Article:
CO2 sorption was conducted at 313 K at a flow rate of 100 cm3/min in a saturated mixed gas of CO2 and water, as shown in Figure 6. The increase in weight (%) corresponds to the conversion of K2CO3 to 2KHCO3. Sample 7CA–KC exhibited the greatest weight change (~17%), and bicarbonate formation reached equilibrium after 30 min for all the xCA–KC nanocomposites. Green et al. [20] reported that K2CO3 exhibits 45% CO2 sorption in 100 min, and Luo et al. [11] verified that the carbonation of K2CO3 is low. The reaction rate of the xCA–KC nanocomposites was faster than that of bulk K2CO3, indicating the effect of nanostructured K2CO3.

Figure 6: TG curves of carbonation reaction for xCA–KCs. Pore widths: black 7 nm; green 16 nm; red 18 nm.

The CO2 capture capacity results are summarized in Table 2; the results indicate that 7CA–KC exhibits the highest CO2 sorption capacity,  mmol/g-sorbent ( mmol/g-K2CO3), which is substantially higher than the theoretical amount of 7.24 mmol/g-K2CO3. The capture capacity results reported in Table 2 were estimated simply from the weight increase attributed to the sorption of CO2 and H2O. However, the mechanism is complicated and still under study. To more precisely determine the amount of CO2 captured by the xCA–KC nanocomposites, we used another method to measure the net amount of CO2 captured, as described in Section 3.6.

Table 2: CO2 capture capacity, as measured by TG–DTA and CaO soln–ppt method.
3.6. CaO Solution-Precipitation Method

To accurately determine the amount of CO2 captured by the xCA–KC composites, the CaO solution-precipitation method described in experimental Section 2.3 was used. We measured the mass of the CaCO3 precipitate to estimate the CO2 uptake; the results indicated sorption capacities of = 2.45, 2.1, and 1.7 and occlusion capacity of = 13.0, 9.77, and 9.18 mmol/g-K2CO3 for 7CA–K2CO3, 16CA–K2CO3, and 18CA–K2CO3, respectively, which is also reported in Table 2. Although the amounts of CO2 uptake are lower than those obtained from the TG measurements, these are net values of CO2 capture capacity. Because the impregnated amount is insufficient, is relatively low. If the impregnation of K2CO3 into the mesopores of CA can be improved, more CO2 will be captured and the sorbents will be easily regenerated. The values of and exhibit a dependence on the pore size of the original CA. In the case of impregnation of 7 nm mesopores of CA, a higher value of (per g-sorbent) is obtained. It may be because a smaller particle should be more reactive and show a higher efficiency for the CO2 occlusion reaction with water vapor.

The CO2 capture amounts are higher than the theoretical values in all xCA–KCs, as shown in Table 2. This can be because the remaining pores should be efficient for chemical absorption and physical adsorption of CO2 such as the formation of H2CO3 in the pores (Figure S-2).

The CO2 capture amounts in the present study are excellent compared with those reported for other K2CO3-loaded composites [16, 21, 22]. Although dry potassium-based sorbents such as K2CO3–MgO exhibit excellent CO2 capacities (9.0–14.9 mmol-CO2/g-K2CO3) that are substantially higher than the theoretical value, these sorbents produce many other byproducts, leading to a higher temperature of 623 K for regeneration. Lee et al. [5, 21] reported that Al2O3–K2CO3 generates KAl(CO3)2(OH)2 during the synthesis process and this byproduct does not completely convert to K2CO3 at temperatures below 563 K and observed that K2CO3–AC and K2CO3–TiO2 can be regenerated at relatively low temperatures of 473 and 403 K, respectively. However, these two composites exhibit lower CO2 capture capacities of 6.5 and 6.3 mmol-CO2/g-K2CO3, respectively. AC–K2CO3 is considered a promising CO2 capture sorbent because of its low regeneration energy requirement and high CO2 capture capacity. However, to maintain these features, H2O activation is required to convert K2CO3 to an activated form (K2CO3·1.5H2O) [18]. ZrO2–K2CO3 has a capacity of 6.2–6.9 mmol-CO2/g-K2CO3 when the reaction temperature is within 323–333 K under an ambient atmosphere of 9% H2O, 1% CO2, and balance N2 [5, 23].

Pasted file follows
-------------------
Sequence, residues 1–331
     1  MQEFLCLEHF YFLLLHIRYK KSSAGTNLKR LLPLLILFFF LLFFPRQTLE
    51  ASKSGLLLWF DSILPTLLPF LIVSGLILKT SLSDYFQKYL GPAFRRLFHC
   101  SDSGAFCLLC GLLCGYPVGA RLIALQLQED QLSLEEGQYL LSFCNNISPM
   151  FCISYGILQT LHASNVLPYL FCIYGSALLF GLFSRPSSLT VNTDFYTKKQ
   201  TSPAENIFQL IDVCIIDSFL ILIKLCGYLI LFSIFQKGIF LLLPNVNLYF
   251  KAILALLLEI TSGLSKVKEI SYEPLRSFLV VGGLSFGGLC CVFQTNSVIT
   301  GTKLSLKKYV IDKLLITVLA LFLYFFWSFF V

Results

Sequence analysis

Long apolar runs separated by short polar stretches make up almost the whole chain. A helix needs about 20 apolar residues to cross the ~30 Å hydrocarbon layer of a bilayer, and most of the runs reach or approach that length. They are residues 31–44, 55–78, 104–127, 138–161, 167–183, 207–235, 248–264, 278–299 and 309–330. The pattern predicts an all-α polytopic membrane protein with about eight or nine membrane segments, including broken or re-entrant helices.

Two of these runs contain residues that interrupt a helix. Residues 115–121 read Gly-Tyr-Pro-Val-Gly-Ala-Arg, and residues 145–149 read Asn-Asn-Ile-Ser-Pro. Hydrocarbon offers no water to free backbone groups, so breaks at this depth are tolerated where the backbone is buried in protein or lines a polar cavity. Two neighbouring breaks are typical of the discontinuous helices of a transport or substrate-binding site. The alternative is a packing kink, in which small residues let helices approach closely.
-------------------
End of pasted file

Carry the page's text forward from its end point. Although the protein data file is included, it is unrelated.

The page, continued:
4. Conclusion

CA–K2CO3 nanocomposites (xCA–KC) were prepared by impregnation of K2CO3 nanocrystals into the mesopores of three CAs with different pore sizes of 7, 16, and 18 nm for the development of an excellent CO2 sorbent with a high capacity, high selectivity, and low energy cost for regeneration. The performance of the nanocomposites is attributed to both chemical and physical capture being involved in the CO2 capture. The xCA–KCs can be completely regenerated at temperatures below 423 K; 7CA–K2CO3 in particular exhibited excellent results, where regeneration began at 380 K and was completed at 420 K. These results were attributed to the high reactivity of nanostructured K2CO3, which rendered the K2CO3 crystals unstable and reduced the regeneration temperature. These xCA–KC nanocomposites exhibited excellent CO2 capture capacity and can be considered a promising material for CO2 capture from the viewpoints of economic effectiveness and energy efficiency. We also concluded that CAs can be used as a porous support for the preparation of nanocomposites with low sorbent regeneration temperatures.

Conflict of Interests

The authors declare that there is no conflict of interests regarding the publication of this paper.

Acknowledgments

This work was supported by the Iwatani Naoji Foundation’s research grant and a Grant-in-Aid for Scientific Research from the Ministry of Education, Culture, Sports, Science and Technology (Japan). The authors would like to thank Enago (http://www.enago.jp/) for the English language review.